The distinctively surreal, shifting and melting forms of the Sagrada Familia are a quintessential part of Barcelona and its skyline. Along with six other Gaudi buildings in Barcelona, la Sagrada Familia is a UNESCO World Heritage Site, and as such is the most popular tourist monument in Spain. Although incomplete, as well as being a UNESCO World Heritage Site, in November 2010 it was consecrated and proclaimed a minor basilica by Pope Benedict XVI.

To give it its full name, La Basílica i Temple Expiatori de la Sagrada Família was designed by architect Antoni Gaudí. Starting in 1883 the Sagrada Familia is perhaps the fullest expression of Gaudi’s distinctive combination of the elements of Gothic and Art Nouveau styles.

Gaudí worked on the project up until his death, at the end living on site and working so fanatically to the extent that on his death in 1926 (he was hit by a tram) he was so dishevelled he was mistaken as a tramp and received no medial attention. He is buried beneath the nave. On the matter of the extremely long construction period, Gaudí is said to have quipped, “My client is not in a hurry” and at the time of his death construction was only 25% complete.

Work was interrupted by his death and then by the Spanish Civil War when parts of the project were damaged by fire. After the Civil War funds were limited and construction only resumed properly after Franco’s death and the return to democracy. By 2010 construction passed the mid-point, with some of the project’s greatest challenges remaining. A completion date of 2026 is planned to time with the centennial of Gaudí’s death.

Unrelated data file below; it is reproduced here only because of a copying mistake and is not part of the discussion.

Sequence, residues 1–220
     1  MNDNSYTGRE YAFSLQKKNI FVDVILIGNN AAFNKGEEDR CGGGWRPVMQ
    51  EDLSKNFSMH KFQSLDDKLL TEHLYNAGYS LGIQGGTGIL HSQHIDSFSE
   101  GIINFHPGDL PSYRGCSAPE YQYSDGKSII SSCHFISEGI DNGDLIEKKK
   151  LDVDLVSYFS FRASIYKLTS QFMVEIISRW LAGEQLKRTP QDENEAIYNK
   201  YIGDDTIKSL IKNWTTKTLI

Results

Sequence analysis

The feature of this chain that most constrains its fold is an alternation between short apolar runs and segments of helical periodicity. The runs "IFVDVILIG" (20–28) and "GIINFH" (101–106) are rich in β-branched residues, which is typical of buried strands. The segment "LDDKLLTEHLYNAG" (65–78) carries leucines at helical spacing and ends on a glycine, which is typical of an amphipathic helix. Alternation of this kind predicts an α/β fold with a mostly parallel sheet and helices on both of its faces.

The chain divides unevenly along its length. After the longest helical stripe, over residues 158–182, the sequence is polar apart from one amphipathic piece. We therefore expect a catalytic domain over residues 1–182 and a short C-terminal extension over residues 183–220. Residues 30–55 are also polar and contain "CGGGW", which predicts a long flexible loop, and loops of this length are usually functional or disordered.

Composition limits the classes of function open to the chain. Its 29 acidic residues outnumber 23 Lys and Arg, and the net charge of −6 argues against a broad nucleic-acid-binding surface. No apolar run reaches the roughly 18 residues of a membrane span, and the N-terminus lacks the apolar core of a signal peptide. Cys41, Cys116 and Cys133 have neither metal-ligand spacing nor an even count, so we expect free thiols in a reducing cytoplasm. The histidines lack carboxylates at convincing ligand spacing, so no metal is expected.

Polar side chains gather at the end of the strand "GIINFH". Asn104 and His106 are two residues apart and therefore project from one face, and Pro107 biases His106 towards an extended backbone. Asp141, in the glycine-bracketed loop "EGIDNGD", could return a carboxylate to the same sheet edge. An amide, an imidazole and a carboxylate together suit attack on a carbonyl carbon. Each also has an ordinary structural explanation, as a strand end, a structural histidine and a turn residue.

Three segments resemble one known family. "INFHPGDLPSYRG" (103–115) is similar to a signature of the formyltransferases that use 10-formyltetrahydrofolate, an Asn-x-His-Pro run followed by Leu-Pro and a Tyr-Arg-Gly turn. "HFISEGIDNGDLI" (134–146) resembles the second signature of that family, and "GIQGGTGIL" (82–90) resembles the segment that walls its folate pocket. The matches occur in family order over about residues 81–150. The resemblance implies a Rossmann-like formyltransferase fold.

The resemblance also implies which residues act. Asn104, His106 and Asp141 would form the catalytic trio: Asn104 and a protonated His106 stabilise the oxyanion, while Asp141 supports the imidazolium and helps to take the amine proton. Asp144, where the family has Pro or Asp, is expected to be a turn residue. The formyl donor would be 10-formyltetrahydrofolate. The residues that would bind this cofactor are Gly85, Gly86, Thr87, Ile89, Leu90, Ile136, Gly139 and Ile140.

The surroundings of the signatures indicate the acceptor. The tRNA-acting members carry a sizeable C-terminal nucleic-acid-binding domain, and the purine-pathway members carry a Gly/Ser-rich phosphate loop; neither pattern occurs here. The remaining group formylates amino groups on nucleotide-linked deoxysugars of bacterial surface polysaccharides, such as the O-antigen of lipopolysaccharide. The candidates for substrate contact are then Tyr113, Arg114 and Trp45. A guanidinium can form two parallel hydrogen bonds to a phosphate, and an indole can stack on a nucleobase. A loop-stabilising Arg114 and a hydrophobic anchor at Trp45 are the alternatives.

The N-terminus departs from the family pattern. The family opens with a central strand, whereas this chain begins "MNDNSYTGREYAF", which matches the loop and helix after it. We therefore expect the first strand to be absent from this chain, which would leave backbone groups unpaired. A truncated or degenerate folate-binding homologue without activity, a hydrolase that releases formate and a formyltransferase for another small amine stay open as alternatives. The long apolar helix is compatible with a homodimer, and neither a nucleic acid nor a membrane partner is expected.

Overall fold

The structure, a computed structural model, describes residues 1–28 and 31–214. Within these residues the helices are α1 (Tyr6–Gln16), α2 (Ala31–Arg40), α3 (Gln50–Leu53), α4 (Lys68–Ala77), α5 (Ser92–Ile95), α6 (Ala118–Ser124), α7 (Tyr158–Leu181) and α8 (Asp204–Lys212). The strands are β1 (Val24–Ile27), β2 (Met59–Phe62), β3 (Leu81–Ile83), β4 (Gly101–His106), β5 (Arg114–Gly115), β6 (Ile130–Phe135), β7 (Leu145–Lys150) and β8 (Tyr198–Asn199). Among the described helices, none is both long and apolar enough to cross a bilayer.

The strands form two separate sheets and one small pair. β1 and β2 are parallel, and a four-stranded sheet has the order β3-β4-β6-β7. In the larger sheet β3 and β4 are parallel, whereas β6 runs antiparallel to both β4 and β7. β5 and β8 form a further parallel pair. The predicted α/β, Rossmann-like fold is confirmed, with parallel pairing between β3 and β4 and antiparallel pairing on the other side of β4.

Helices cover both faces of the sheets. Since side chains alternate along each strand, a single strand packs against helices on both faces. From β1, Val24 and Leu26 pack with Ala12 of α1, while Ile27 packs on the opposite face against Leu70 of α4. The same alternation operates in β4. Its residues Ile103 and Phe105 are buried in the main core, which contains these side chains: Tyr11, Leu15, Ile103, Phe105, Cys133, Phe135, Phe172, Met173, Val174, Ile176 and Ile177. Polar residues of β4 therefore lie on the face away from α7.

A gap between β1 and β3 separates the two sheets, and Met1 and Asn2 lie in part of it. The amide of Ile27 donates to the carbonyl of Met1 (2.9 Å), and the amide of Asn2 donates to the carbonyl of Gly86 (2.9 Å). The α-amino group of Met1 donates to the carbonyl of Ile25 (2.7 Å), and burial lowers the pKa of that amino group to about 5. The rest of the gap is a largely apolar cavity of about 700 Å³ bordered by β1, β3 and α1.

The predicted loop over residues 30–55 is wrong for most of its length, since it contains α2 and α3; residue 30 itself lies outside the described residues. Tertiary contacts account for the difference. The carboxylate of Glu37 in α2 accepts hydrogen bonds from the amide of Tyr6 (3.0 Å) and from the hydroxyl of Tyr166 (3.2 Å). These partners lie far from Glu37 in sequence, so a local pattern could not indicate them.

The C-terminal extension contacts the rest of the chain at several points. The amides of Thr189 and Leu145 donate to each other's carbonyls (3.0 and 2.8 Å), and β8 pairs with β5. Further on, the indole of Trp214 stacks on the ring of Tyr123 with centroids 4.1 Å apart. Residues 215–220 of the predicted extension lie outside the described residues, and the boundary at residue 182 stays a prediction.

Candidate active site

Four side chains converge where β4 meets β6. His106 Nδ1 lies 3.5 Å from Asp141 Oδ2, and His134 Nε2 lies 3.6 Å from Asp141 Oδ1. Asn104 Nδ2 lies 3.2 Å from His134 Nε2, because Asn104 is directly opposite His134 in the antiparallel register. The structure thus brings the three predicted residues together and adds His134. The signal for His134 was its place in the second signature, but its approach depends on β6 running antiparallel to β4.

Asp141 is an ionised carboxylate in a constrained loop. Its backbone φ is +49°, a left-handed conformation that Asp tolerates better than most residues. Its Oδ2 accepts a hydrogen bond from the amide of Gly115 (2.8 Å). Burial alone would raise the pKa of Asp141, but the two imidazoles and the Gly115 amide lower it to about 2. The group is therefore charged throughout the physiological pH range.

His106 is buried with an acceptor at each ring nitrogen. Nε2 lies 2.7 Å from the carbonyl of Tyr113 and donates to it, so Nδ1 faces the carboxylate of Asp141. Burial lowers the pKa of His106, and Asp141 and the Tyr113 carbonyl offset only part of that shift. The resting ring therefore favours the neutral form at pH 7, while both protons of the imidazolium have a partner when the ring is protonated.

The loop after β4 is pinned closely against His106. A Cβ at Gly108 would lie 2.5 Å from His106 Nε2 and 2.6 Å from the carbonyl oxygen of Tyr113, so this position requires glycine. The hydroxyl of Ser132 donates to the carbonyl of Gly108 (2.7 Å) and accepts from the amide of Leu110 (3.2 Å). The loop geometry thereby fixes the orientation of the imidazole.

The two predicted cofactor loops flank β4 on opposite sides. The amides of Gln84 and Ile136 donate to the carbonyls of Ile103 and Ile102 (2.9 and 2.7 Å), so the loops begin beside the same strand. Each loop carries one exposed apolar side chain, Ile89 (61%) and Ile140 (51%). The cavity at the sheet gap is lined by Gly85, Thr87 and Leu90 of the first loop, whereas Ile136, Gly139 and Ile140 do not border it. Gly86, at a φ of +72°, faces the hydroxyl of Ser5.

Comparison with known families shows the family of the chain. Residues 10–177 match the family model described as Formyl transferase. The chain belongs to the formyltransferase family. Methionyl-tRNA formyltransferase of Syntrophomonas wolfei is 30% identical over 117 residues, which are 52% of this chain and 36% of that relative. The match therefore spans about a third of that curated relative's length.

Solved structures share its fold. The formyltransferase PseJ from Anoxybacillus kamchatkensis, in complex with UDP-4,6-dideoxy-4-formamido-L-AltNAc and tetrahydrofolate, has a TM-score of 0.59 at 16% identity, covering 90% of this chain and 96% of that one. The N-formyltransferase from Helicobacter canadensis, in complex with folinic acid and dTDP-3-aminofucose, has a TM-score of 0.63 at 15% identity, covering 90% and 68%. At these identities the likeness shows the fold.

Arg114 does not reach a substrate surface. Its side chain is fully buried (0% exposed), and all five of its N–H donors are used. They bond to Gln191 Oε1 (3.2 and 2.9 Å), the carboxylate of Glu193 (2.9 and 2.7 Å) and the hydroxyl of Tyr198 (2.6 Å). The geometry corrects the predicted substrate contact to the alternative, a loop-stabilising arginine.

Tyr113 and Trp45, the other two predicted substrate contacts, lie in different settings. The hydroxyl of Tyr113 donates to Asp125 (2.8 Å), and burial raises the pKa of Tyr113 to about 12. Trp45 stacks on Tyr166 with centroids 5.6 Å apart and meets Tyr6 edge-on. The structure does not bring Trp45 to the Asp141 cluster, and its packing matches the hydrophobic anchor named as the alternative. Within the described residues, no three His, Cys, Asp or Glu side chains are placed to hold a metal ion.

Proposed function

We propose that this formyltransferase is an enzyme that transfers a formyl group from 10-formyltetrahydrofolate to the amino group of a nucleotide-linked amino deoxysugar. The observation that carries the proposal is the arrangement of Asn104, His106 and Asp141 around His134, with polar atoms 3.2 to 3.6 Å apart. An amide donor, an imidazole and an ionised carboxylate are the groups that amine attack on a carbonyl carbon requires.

The present design is based on reconstructed versions of plans lost in the Civil War as well as on modern adaptations. Though never intended to be a cathedral (the seat of a bishop), the Sagrada Família was planned to be a cathedral-sized building. Gaudí’s original design called for no less than eighteen spires, symbolising in ascending order of height the Twelve Apostles, the four Evangelists, the Virgin Mary and, tallest of all, Jesus Christ. As of 2010 only eight spires have been built corresponding to four apostles at the Nativity façade and four apostles at the Passion façade.

Three façades are planned: the Nativity façade to the East, the Passion façade to the West, and the Glory façade to the South (yet to be completed).

The Nativity Façade was mostly built during Gaudi’s lifetime and bears the most direct Gaudí influence. The Passion façade impacts the viewer with its spare, gaunt, tormented characters, including emaciated figures Christ crucified, by Josep Maria Subirachs. The Glory façade began construction in 2002 and will perhaps be the centrepiece of the three and will represent the soul’s ascension to God as well as scenes such as Hell, Purgatory, and the Seven Deadly Sins and the Seven Heavenly Virtues.

Inside the church plan is as irregular a the outside and leaves the visitor dizzy. Made of a Latin cross with five aisles, the vaults of the central nave rare forty-five metres high and the vaults of the side nave vaults reach thirty metres. The central vault reaches sixty metres high and the apse is capped by a hyperboloid vault reaching seventy-five metres, creating a sense of loftiness, space and light that is quite different to the dark interiors of so many cathedrals. None of the interior surfaces are flat, and ornamentation consists of abstract shapes with smooth curves and jagged points.

Being a work in progress not all of the church is open. At this moment visitors can access the Nave, Crypt, Museum, Shop, and the Passion and Nativity towers.

See the official Sagrada Familia website for more information and to plan your visit.